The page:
NEW YORK – “Star Wars” super fans snapped up some of the space film saga’s rarest merchandise on the planet for more than $500,000 at an auction Friday, Sotheby’s announced in New York.
More than 600 items found new homes in the sale organized by Sotheby’s and eBay — just days before the release of “Star Wars: The Force Awakens,” the seventh movie in arguably the world’s biggest movie franchise.
The space epics have grossed billions of dollars at the box office worldwide since the first film came out in 1977 and spawned a pop culture phenomenon, drawing legions of hard-core fans.
All items in the auction came from the private collection of Japanese designer and creative entrepreneur Nigo, who started collecting toys and figures decades ago at just 6 years old.
The online auction netted combined sales of $502,202, Sotheby’s said.
The most expensive lot was a pristine, unopened packet of seven action figures from “The Empire Strikes Back,” which fetched $32,500 — three times the estimate.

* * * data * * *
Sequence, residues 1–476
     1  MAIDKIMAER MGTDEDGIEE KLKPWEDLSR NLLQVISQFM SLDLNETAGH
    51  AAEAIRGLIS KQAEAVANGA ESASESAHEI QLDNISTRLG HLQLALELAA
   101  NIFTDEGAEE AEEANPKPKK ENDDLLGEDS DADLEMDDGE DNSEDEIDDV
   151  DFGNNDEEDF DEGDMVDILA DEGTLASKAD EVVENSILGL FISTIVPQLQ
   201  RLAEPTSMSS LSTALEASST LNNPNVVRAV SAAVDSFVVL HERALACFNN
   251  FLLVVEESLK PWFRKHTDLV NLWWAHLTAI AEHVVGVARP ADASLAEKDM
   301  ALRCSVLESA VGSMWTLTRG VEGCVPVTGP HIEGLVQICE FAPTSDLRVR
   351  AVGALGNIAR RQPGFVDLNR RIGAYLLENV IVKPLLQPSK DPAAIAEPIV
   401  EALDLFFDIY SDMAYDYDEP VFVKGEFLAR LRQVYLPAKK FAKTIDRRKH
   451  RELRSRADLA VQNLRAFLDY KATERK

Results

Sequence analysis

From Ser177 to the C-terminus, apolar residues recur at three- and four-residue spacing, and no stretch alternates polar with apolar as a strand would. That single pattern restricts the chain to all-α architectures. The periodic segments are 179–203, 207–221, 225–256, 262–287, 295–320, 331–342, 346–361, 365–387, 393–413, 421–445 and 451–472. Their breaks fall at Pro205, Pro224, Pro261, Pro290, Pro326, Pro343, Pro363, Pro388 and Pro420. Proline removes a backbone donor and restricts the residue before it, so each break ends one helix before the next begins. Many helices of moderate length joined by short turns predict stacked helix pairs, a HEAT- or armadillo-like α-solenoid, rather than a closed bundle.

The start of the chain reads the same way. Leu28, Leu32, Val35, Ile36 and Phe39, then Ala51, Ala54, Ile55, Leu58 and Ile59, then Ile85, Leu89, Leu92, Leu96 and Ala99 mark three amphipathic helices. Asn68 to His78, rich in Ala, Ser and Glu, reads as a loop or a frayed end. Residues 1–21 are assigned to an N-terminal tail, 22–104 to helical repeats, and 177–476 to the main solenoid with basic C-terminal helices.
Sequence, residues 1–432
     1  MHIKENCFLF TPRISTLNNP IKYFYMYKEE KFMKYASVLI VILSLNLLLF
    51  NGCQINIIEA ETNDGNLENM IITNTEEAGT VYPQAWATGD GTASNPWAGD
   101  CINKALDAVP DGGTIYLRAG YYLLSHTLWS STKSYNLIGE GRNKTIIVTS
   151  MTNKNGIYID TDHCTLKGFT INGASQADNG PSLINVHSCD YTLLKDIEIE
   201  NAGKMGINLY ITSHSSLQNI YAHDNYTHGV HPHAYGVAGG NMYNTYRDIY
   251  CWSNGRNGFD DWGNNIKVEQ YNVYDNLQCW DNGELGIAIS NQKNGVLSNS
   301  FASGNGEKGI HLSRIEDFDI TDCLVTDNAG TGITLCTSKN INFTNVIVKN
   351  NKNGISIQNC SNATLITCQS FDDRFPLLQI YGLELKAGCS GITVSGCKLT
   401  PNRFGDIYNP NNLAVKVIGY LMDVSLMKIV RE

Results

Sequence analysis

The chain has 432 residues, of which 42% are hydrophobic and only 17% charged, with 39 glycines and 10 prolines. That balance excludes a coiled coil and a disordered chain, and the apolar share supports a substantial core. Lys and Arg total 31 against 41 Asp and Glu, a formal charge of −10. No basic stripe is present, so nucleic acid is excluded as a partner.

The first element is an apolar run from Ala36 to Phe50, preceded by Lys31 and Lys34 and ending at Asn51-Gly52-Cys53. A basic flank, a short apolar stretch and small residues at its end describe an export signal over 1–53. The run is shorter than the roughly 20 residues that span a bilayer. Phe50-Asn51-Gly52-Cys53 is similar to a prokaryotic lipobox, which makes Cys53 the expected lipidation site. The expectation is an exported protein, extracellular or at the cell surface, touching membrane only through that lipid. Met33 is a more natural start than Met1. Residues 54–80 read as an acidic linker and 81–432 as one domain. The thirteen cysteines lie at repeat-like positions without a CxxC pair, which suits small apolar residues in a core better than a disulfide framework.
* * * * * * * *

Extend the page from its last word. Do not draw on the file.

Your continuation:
Two complete sets of “Power of the Force” coins, which were available only by special request from the manufacturer Kenner, sold for $27,500.
A Luke Skywalker doll, which hit the market in 1978 as a children’s toy, sold for $25,000, exceeding the upper estimate of $18,000.
Also never removed from the packaging, it is one of only 20 confirmed examples of the doll, Sotheby’s said.
The figurine, with a rare two-piece telescoping lightsaber, was quickly withdrawn from the market “due to the propensity for the lightsaber to snap off,” Sotheby’s said.
There was also a strong market in helmets. A replica of a “Star Wars: A New Hope” Stormtrooper from 2007 fetched $8,125, the auction house said.
Sotheby’s consultant James Gallo says the results demonstrated the quality of Nigo’s collection and the enduring appeal of the “Star Wars” universe.
“We set a number of benchmark prices today, reflecting the strength of this market,” he said.
Sotheby’s, set up in 18th century London and best known for selling fine art masterpieces, called in Gallo to value the collection, which he spent a week and a half sorting through.
From the United States to Russia to China, the franchise has a fan base spanning generations. The films’ psychology has even found its way onto university syllabuses.
“It’s merchandised more than most,” the Pennsylvania-based Gallo, who owns the store Toy and Comics Heaven, said last week.
“There isn’t much that can compare.”
He said that “Star Wars” collectors would proudly display their hard-won memorabilia like anything else — and certainly would not snap open the packets and play with the dolls.
“It’s up to each individual how they enjoy the items they have. It’s just like anything else, whether it be fine art or sports collectibles,” Gallo said.